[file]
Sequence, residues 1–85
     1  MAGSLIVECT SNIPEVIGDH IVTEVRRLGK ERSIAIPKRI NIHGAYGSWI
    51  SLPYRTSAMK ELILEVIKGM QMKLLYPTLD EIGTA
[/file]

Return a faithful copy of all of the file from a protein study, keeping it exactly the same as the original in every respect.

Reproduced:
Sequence, residues 1–85
     1  MAGSLIVECT SNIPEVIGDH IVTEVRRLGK ERSIAIPKRI NIHGAYGSWI
    51  SLPYRTSAMK ELILEVIKGM QMKLLYPTLD EIGTA